On April 21, 2017, President Trump signed an executive order directing the Department of the Treasury to examine Obama-era rules dating back as far as January 2016 and to consider action to reduce the burden on taxpayers resulting from these rules. On its face, this feels like the firing of the starter’s gun for the much-anticipated Republican tax reform effort, and that may well be the intention.
Things get confusing, however, when you look at Obama administration tax activity during the affected period and consider what the executive order might actually allow the Treasury to do.
The primary Obama-administration-driven Treasury rules effort during this period focused on corporate inversions, in which a U.S. corporation moves its domicile overseas to reduce its U.S. corporate tax burden. Inversions came into the spotlight in 2014 as a result of some high-profile efforts by companies like Pfizer, Walgreens, Astra-Zeneca, and Medtronic to move domicile out of the U.S., often through mergers with foreign entities based in “tax haven” countries. After failed legislative efforts to address the inversion trend, the Obama administration introduced new Treasury rules designed to restrain the ability of U.S. companies to put their domicile overseas to avoid U.S. taxes. These rules are credited with halting the planned Pfizer merger with Allergan, which would have moved the pharmaceutical giant’s domicile (and much of its tax obligation) to Ireland while its operations remained heavily based in the U.S.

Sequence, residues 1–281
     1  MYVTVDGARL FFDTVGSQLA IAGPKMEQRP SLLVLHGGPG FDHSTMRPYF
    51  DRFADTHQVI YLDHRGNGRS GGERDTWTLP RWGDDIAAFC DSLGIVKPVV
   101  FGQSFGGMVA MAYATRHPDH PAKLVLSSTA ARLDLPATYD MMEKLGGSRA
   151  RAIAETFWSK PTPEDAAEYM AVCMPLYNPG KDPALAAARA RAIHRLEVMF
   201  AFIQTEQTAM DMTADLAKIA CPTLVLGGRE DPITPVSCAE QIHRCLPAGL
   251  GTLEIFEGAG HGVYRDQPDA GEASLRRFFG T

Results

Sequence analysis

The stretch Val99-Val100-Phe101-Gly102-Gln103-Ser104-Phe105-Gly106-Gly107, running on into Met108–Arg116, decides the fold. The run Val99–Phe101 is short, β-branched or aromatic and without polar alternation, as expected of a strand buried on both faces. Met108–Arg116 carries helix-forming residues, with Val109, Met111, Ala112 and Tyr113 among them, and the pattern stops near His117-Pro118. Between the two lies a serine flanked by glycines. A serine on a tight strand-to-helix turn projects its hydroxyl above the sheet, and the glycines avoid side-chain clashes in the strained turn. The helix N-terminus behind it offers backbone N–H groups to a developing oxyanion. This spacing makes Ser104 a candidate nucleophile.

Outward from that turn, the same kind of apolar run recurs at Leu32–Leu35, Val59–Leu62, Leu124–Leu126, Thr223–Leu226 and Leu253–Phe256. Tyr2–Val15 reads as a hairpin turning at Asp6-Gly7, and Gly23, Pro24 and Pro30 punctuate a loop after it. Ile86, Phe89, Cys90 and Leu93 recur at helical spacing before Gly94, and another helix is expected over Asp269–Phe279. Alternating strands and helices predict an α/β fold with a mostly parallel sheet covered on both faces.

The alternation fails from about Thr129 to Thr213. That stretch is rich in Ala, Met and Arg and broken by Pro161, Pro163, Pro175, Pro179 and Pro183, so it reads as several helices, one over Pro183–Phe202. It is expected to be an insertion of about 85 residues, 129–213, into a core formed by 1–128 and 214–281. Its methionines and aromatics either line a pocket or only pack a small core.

Because the new executive order limits its scope to examining Obama administration rules, in Treasury, and during the last 12 months of the administration, the main thing it appears the order could prompt is a change in the anti-inversion rules. It would be surprising for the Trump administration to drive toward that result given its long-stated intention to keep more corporate profits in the U.S.
The order may have more symbolic impact than anything else, and may not result in more than an examination of the rules without any actual changes. Or it might prompt policy findings that rulemaking is not the appropriate way to address the inversion issue, setting up the case for legislative efforts at comprehensive corporate tax reform. Or, it could pave the way for pronouncements about the complexity of Obama-era rules generally, again setting the stage for efforts to simplify the tax code and the rules that are used to enforce it.
So the starter’s gun might have finally been fired. But where the race ends is still anyone’s guess.